|US9075217B2 (en)||2010-04-30||2015-07-07||Corning Cable Systems Llc||Apparatuses and related components and methods for expanding capacity of fiber optic housings|
|DE102010041689A1 (en)||2010-09-29||2012-03-29||Lasos Lasertechnik Gmbh||Socket for attachment on surface of plate-shaped support for laser scanning microscope, has connector displaced or fixed in plane perpendicular to propagation direction of light beam emerging from or into connector by radial adjusting unit|
|US9279951B2 (en)||2010-10-27||2016-03-08||Corning Cable Systems Llc||Fiber optic module for limited space applications having a partially sealed module sub-assembly|
|US9116324B2 (en)||2010-10-29||2015-08-25||Corning Cable Systems Llc||Stacked fiber optic modules and fiber optic equipment configured to support stacked fiber optic modules|
|CA2819235C (en)||2010-11-30||2018-01-16||Corning Cable Systems Llc||Fiber device holder and strain relief device|
|EP2671107A1 (en)||2011-02-02||2013-12-11||Corning Cable Systems LLC||Dense shuttered fiber optic connectors and assemblies suitable for establishing optical connections for optical backplanes in equipment racks|
|US9008485B2 (en)||2011-05-09||2015-04-14||Corning Cable Systems Llc||Attachment mechanisms employed to attach a rear housing section to a fiber optic housing, and related assemblies and methods|
|US8905648B2 (en)||2011-06-29||2014-12-09||Cinch Connectivity Solutions, Inc.||Expanded beam fiber optic connector|
|CA2840388A1 (en)||2011-06-30||2013-01-03||Corning Cable Systems Llc||Fiber optic equipment assemblies employing non-u-width-sized housings and related methods|
|US8953924B2 (en)||2011-09-02||2015-02-10||Corning Cable Systems Llc||Removable strain relief brackets for securing fiber optic cables and/or optical fibers to fiber optic equipment, and related assemblies and methods|
|US9038832B2 (en)||2011-11-30||2015-05-26||Corning Cable Systems Llc||Adapter panel support assembly|
|JP6018437B2 (en) *||2012-06-29||2016-11-02||オムロン株式会社||Optical fiber type photoelectric switch head|
|US9250409B2 (en)||2012-07-02||2016-02-02||Corning Cable Systems Llc||Fiber-optic-module trays and drawers for fiber-optic equipment|
|US9081154B2 (en) *||2012-09-12||2015-07-14||Tyco Electronics Raychem Bvba||Method of tuning a fiber optic connector|
|US9042702B2 (en)||2012-09-18||2015-05-26||Corning Cable Systems Llc||Platforms and systems for fiber optic cable attachment|
|JP6020001B2 (en) *||2012-09-27||2016-11-02||オムロン株式会社||Fiber optic head|
|ES2551077T3 (en)||2012-10-26||2015-11-16||Ccs Technology, Inc.||Fiber optic management unit and fiber optic distribution device|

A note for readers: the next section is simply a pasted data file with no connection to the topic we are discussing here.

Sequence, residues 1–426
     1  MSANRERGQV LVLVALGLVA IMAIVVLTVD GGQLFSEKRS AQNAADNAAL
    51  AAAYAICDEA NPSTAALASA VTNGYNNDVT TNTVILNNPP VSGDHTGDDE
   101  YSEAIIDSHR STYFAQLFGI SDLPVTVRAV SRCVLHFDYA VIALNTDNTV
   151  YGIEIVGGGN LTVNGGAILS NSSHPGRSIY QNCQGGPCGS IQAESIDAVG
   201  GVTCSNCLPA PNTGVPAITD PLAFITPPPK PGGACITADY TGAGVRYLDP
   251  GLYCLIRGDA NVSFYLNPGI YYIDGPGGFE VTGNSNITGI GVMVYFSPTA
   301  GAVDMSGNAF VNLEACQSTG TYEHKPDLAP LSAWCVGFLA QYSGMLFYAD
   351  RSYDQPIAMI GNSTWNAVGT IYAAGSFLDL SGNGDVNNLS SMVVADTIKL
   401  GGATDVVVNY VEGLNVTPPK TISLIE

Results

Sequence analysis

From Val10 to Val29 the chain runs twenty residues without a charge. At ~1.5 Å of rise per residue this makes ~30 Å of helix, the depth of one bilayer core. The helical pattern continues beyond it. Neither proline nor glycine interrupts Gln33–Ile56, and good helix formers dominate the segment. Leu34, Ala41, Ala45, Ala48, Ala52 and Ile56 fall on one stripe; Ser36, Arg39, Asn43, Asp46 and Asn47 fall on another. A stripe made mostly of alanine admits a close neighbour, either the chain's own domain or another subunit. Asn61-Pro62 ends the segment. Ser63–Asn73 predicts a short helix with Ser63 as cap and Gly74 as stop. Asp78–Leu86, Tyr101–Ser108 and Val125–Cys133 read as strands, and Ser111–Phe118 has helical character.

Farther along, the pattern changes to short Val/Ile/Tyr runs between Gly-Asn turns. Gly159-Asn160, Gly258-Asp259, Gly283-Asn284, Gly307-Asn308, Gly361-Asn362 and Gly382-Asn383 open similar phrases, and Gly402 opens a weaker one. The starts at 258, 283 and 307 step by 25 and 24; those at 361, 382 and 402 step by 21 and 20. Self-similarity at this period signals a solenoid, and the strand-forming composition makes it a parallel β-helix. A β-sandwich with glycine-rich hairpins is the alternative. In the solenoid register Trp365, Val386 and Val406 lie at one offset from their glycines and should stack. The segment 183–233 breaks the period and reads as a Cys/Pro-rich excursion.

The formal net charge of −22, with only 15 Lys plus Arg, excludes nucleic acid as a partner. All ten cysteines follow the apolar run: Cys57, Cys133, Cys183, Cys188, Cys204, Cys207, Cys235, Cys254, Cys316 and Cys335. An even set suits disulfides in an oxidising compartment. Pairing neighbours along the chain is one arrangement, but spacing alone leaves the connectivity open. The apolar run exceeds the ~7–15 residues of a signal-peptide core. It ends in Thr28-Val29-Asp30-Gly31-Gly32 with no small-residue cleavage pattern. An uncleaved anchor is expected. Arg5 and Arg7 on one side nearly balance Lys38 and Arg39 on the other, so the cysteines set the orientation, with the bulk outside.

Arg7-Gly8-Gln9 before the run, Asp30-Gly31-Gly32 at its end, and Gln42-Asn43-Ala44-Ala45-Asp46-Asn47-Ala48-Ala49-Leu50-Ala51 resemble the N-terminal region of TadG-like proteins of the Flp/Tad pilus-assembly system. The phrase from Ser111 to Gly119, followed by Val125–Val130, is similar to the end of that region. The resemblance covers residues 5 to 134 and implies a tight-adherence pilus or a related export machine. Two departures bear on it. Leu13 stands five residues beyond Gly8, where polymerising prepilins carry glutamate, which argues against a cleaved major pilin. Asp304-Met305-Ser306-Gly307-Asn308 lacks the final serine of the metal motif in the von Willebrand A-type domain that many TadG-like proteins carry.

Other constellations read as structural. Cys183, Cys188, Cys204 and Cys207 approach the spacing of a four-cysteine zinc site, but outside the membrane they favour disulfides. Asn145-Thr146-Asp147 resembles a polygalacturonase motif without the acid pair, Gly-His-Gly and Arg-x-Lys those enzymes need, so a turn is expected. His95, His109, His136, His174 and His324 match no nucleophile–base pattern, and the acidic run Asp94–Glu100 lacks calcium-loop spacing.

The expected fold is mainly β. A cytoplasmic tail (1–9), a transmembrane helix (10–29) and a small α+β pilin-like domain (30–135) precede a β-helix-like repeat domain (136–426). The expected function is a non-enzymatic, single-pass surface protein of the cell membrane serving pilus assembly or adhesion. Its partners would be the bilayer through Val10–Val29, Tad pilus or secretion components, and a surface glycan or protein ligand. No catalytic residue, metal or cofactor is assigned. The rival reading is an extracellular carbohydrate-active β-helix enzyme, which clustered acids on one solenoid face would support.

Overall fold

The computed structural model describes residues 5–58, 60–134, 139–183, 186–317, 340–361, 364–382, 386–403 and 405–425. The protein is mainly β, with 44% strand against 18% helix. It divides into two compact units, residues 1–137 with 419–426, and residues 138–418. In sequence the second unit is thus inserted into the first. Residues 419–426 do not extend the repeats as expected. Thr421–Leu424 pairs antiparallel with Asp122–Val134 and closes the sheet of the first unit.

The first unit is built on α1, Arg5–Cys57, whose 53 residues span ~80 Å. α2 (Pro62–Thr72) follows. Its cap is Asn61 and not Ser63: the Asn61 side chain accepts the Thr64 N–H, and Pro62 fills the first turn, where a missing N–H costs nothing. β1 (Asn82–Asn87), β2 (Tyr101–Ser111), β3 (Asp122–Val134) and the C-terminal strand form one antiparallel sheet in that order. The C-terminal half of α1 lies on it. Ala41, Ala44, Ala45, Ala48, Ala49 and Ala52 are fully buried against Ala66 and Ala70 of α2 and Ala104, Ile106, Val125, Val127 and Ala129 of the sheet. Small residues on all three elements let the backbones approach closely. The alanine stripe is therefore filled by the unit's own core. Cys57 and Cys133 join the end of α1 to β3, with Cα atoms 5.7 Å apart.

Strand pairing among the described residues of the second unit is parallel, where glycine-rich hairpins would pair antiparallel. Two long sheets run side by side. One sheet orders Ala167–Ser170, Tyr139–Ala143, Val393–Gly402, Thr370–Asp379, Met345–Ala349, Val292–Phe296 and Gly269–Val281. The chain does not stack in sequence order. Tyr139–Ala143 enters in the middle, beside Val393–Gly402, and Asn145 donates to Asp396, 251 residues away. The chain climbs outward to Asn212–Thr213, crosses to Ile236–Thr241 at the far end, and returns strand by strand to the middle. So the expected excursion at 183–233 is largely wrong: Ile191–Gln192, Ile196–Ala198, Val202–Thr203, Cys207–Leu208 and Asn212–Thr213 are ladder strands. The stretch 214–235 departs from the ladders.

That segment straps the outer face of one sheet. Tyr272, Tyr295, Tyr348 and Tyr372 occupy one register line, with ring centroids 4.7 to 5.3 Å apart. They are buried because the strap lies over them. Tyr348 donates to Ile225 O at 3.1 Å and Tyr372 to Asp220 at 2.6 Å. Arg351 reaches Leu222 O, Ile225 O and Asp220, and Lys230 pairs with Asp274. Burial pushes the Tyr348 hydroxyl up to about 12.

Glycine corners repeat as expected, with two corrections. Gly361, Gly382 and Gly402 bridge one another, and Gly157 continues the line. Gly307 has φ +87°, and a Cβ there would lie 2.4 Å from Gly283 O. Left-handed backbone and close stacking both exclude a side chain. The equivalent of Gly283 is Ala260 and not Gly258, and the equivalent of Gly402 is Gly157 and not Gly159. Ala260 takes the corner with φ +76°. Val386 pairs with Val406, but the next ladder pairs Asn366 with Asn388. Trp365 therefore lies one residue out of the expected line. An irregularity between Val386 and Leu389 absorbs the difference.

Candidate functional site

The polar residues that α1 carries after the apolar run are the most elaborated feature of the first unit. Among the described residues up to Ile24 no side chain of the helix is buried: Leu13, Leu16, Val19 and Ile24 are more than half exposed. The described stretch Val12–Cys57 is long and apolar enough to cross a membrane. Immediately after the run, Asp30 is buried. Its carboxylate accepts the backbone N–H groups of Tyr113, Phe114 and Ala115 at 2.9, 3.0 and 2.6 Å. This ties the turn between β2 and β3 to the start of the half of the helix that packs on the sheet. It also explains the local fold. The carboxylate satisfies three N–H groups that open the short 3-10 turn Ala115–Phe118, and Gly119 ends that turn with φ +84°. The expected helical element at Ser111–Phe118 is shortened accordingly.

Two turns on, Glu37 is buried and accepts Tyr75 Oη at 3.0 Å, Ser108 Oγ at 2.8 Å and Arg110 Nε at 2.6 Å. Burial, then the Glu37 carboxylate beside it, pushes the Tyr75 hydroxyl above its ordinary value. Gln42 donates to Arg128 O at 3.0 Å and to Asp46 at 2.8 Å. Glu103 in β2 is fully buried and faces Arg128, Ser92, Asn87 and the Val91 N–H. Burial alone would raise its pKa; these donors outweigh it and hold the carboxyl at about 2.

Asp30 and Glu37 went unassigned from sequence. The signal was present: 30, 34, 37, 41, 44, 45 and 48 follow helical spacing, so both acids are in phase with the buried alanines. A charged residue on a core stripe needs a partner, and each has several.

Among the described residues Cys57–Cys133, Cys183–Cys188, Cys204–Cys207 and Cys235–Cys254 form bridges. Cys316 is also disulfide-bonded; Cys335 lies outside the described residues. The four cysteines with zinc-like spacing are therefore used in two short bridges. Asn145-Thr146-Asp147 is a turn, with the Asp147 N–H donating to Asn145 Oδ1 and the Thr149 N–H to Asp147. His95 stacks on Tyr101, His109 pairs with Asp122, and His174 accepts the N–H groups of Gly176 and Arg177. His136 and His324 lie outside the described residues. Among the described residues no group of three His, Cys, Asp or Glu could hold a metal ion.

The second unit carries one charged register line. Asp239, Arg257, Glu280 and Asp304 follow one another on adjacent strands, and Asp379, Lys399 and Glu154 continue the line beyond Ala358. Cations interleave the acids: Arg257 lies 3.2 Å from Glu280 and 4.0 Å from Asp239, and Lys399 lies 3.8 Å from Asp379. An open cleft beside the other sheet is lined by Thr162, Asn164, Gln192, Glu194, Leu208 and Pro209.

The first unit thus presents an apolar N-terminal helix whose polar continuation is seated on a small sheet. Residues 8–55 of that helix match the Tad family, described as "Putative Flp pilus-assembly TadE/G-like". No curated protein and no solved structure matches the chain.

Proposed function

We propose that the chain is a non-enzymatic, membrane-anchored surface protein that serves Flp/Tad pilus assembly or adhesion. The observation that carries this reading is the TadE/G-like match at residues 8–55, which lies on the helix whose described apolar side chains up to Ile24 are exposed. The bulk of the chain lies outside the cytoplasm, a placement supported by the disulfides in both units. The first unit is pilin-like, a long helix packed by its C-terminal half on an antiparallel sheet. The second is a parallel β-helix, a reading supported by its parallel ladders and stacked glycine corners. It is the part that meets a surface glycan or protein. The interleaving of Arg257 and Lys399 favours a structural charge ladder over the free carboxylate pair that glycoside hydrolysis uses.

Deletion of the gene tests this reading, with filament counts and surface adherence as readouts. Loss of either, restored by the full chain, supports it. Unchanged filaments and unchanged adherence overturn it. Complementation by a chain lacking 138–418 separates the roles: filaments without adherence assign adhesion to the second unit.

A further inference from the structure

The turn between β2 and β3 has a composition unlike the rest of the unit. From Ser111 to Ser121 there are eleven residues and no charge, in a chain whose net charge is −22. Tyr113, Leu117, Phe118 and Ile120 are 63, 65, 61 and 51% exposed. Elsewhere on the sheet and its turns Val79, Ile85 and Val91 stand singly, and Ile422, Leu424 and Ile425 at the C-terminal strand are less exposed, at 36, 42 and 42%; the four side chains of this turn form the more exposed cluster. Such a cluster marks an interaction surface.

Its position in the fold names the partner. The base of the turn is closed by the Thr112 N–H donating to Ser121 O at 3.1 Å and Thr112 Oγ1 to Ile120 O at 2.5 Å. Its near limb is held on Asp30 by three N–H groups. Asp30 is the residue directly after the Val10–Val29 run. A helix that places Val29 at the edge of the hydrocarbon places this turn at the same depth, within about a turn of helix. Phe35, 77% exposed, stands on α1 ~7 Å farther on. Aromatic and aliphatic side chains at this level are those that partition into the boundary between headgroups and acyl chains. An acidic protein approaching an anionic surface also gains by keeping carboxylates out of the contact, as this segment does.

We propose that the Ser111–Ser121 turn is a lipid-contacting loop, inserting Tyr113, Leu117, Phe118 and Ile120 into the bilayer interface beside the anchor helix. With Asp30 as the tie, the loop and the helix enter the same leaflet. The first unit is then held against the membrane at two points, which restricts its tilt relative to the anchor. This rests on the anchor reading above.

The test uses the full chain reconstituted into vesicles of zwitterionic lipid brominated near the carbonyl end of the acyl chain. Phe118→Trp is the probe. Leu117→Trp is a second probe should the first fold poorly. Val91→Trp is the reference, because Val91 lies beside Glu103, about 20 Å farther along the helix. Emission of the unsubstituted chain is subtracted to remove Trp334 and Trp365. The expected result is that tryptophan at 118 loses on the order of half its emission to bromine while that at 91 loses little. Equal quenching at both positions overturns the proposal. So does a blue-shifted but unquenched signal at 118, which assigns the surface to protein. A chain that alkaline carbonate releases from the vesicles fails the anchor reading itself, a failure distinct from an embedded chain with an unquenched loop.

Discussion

|US20140221740A1 (en) *||2013-02-05||2014-08-07||Paul John Kawula||Wireless endoscopic surgical device|
|US20160278615A1 (en) *||2013-02-05||2016-09-29||Scopernicus, LLC||Wireless endoscopic surgical device|
|US8985862B2 (en)||2013-02-28||2015-03-24||Corning Cable Systems Llc||High-density multi-fiber adapter housings|
|WO2015059334A1 (en) *||2013-10-22||2015-04-30||Te Connectivity Amp España, S.L.U.||Optical fibre connection system with automatic cleaning|
|US9810854B2 (en) *||2014-01-20||2017-11-07||Kyocera Corporation||Optical fiber holding component, receptacle-equipped pigtail, patch cord, and optical module|
|CN104020527A (en) *||2014-06-11||2014-09-03||武汉电信器件有限公司||Multichannel integrated optical wavelength division multiplexing/demultiplexing component structure|
|WO2015200395A1 (en)||2014-06-26||2015-12-30||Commscope, Inc. Of North Carolina||Optical tap|
|US9671565B2 (en) *||2014-10-02||2017-06-06||Bae Systems Information And Electronic Systems Integration Inc.||High-power precision compact variable-focus fiber optic collimator|
|EP3054333A1 (en) *||2015-02-05||2016-08-10||CCS Technology, Inc.||Optical adaptor for mounting to a receptacle to optically couple connectorized optical cables|
Family Cites Families (29)
|Publication number||Priority date||Publication date||Assignee||Title|
|US4290667A (en) *||1976-02-03||1981-09-22||International Standard Electric Corporation||Optical fibre terminations and connectors|
|FR2353070B1 (en) *||1976-05-26||1980-09-05||Cables De Lyon Geoffroy Delore|
|FR2363122B1 (en) *||1976-08-24||1979-03-02||Cit Alcatel|
|US4087155A (en) *||1977-03-23||1978-05-02||International Telephone & Telegraph Corporation||Single optical fiber connector utilizing spherical alignment elements|
|JPS6049283B2 (en) *||1977-11-05||1985-11-01||Fujitsu Ltd|
|DE2900895A1 (en) *||1978-01-20||1979-07-26||Bunker Ramo||Fiber optic line coupling|
|NL7802231A (en) *||1978-03-01||1979-09-04||Tekade Felten & Guilleaume||Plug and socket connection with a light detector for a losneemba- re plug-in connection for the coupling of one light guiding fiber to a semiconductor light source.|
|NL7806829A (en) *||1978-06-26||1979-12-28||Philips Nv||Quick detachable connector for optical fibers.|
|DE2921035C2 (en) *||1979-05-23||1984-11-22||Siemens Ag, 1000 Berlin Und 8000 Muenchen, De|